Thursday, August 11, 2005

Ten years gone, Garcia still has us in his grip



From the Kansas City Star:

Ten years gone, Garcia still has us in his grip
By DAVID BARTON Sacramento Bee

From the time he first stepped on stage with the Grateful Dead, Jerry Garcia, dubbed “Captain Trips” by his following, exhibited the kind of charisma that would make him a revered cultural figure.
Even after his death at 53 from heart failure 10 years ago this week, his influence echoes among the younger musicians and fans of the booming jam-band genre. The same is true for older fans who sport J. Garcia ties with their business suits and drink J. Garcia wines at suburban dinner parties.
His prolific musical output plays on in archival releases that include the Grateful Dead and his own Jerry Garcia Band. Prints of his paintings sell through art galleries, a line of designer rugs has debuted, and J. Garcia Birkenstocks are on the way.

“Shakedown Street,” an off-Broadway show based on the songs Garcia wrote with Robert Hunter, opens Saturday in New York City. An amphitheater in McLaren Park in San Francisco was renamed for him.
And then there are the fans, like this one who posted feelings on a “10th anniversary” discussion thread on the Web site www.jerry garcia.com: “I find myself wondering how different things might be if he were still around. Would we still have a war?”

But while Garcia’s impact as counter-culture guru, jam-band avatar and guitar legend has provoked endless books, Web sites and late-night rap sessions, those who knew him agree on one thing.
He couldn’t handle the legacy thing.

“As soon as I hear ‘impact,’ I hear pomposity, and I think, ‘Jerry would hate that,’ ” says Dennis McNally, the Dead’s publicist, a longtime Garcia confidant and author of the 2004 book A Long, Strange Trip: The Inside History of the Grateful Dead (Broadway Books; $30; 683 pages).

“He never, ever felt worthy of the adoration,” says David Gans, another longtime chronicler of the Dead’s 40-year saga. “He thought of himself as a regular (guy).”

As McNally recalls, “His standard line was, ‘So what the ... do I know?’ He knew about his own normal self, the ways he couldn’t function.”

He was certainly from a humble background, and though he was a considerable visionary in some ways, his first and foremost passions were music and art.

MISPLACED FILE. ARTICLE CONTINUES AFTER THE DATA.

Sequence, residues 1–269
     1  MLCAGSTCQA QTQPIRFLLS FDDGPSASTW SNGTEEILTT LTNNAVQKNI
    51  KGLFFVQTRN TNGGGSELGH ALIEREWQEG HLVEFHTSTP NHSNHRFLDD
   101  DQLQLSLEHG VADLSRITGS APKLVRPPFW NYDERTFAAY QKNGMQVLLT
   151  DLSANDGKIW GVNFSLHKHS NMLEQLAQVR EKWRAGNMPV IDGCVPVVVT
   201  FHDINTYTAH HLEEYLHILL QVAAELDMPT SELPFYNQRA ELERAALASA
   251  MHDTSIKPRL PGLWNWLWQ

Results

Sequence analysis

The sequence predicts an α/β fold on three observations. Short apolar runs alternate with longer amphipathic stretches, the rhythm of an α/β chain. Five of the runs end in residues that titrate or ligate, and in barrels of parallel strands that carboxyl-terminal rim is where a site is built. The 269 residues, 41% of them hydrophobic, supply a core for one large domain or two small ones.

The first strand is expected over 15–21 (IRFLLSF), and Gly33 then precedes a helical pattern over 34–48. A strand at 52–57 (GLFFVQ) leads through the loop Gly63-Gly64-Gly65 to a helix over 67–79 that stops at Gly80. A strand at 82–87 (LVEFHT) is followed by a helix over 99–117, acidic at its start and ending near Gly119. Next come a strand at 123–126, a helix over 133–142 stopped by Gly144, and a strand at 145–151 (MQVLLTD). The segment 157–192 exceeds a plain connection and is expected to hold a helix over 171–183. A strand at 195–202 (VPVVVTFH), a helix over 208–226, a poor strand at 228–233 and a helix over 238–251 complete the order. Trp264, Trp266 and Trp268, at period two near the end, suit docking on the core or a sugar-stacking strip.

He was born in the Excelsior section of San Francisco’s Mission District, a fifth-generation San Franciscan on his mother’s side. He was the son of a musician, Jos, whose parents had come from Spain some years before, and a mother, Ruth, of Swedish and Irish background.

His dad died when Garcia was 4, drowned while they were fishing on the North Coast. Garcia, guided by his maternal grandfather into music, started playing guitar in his teens, before discovering the banjo, about which he became obsessive. He eventually started teaching it and formed a jug band with fellow teachers. They became the Warlocks and then the Grateful Dead.

Formed 40 years ago this month, the Dead became the house band for the LSD-induced “acid test” experiments of the mid-’60s, which grew into the San Francisco psychedelic scene that came to rival “swinging London” in the mid-’60s. The Dead far exceeded them in longevity and ultimately became the most consistently successful American touring band of the 1980s and early ’90s. It made as much as $50 million a year touring, though McNally says Garcia spent as much as he earned and was waiting for his next paycheck the day he died.

“His reputation is overblown among Deadheads, who can be uncritically admiring,” author Gans says. “But much of it is merited. He had a vastly open mind, extremely catholic tastes, and he was a brilliant synthesizer of styles.
“They say he’s the greatest guitarist who ever lived, but Jerry would be the first guy to say, ‘Get a grip.’ ”

1 Comments:

Blogger A Dark In The Light said...

Who will play for us? Who will sing out and play those lonesome notes that fly up over the fields and trees and echo into the sky? God, is there anybody out there who needs that kind of thing as much as me?

Monday, December 15, 2008  

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